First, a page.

Canada plans to help Islamic State fighters ‘let go of that terrorist ideology’
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Canada plans to help Islamic State fighters ‘let go of that terrorist ideology’

PM Trudeau pledges to prosecute those returning gunmen who broke anti-terror laws, but also says his government will try to reintegrate them into society

Canada's Prime Minister Justin Trudeau speaking during a press conference on the last day of the Asia-Pacific Economic Cooperation (APEC) Summit in Lima, November 20, 2016. (AFP/RAFAEL ZARAUZ)
Canada's Prime Minister Justin Trudeau speaking during a press conference on the last day of the Asia-Pacific Economic Cooperation (APEC) Summit in Lima, November 20, 2016. (AFP/RAFAEL ZARAUZ)

OTTAWA — Canada is concerned about the national security threat posed by citizens who joined the Islamic State group returning to this country, Prime Minister Justin Trudeau said Monday.

In parliament, Trudeau pledged to prosecute those who broke Canada’s anti-terrorism laws by joining the IS group, but also said his government would try to reintegrate them into society.

“We recognize the return of even one individual (who joined the IS group) may have serious national security implications,” Trudeau said.

“We are going to monitor them. We are also there to help them to let go of that terrorist ideology,” he added.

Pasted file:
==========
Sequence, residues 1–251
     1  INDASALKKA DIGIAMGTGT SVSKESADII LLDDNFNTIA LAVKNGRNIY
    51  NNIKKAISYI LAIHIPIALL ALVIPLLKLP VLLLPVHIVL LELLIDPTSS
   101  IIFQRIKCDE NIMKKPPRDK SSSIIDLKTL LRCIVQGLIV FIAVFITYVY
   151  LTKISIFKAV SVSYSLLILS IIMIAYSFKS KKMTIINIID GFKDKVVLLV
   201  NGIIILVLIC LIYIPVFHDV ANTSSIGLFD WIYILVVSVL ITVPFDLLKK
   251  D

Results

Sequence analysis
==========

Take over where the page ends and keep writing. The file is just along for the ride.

Fighters from the Islamic State group marching in Raqqa, Syria, January 14, 2014. (Militant photo via AP, File)

Nearly 180 Canadians are known to have traveled overseas to join the IS group. About 60 have returned to Canada, according to government figures released in 2016.

This file photo taken on August 05, 2017, shows refugees who crossed the Canada/US border illegally near Hemmingford, Quebec as they are processed in a tent after being arrested by the RCMP. (Geoff Robins/AFP)

Only two returnees have been prosecuted under Canada’s anti-terrorism act, so far.

Public Safety Minister Ralph Goodale last week explained the difficulties of gathering evidence in war zones for successful criminal prosecutions.

He rejected, however, the use of extrajudicial killings used by allies to solve the problem, telling public broadcaster CBC: “Canada does not engage in death squads.”

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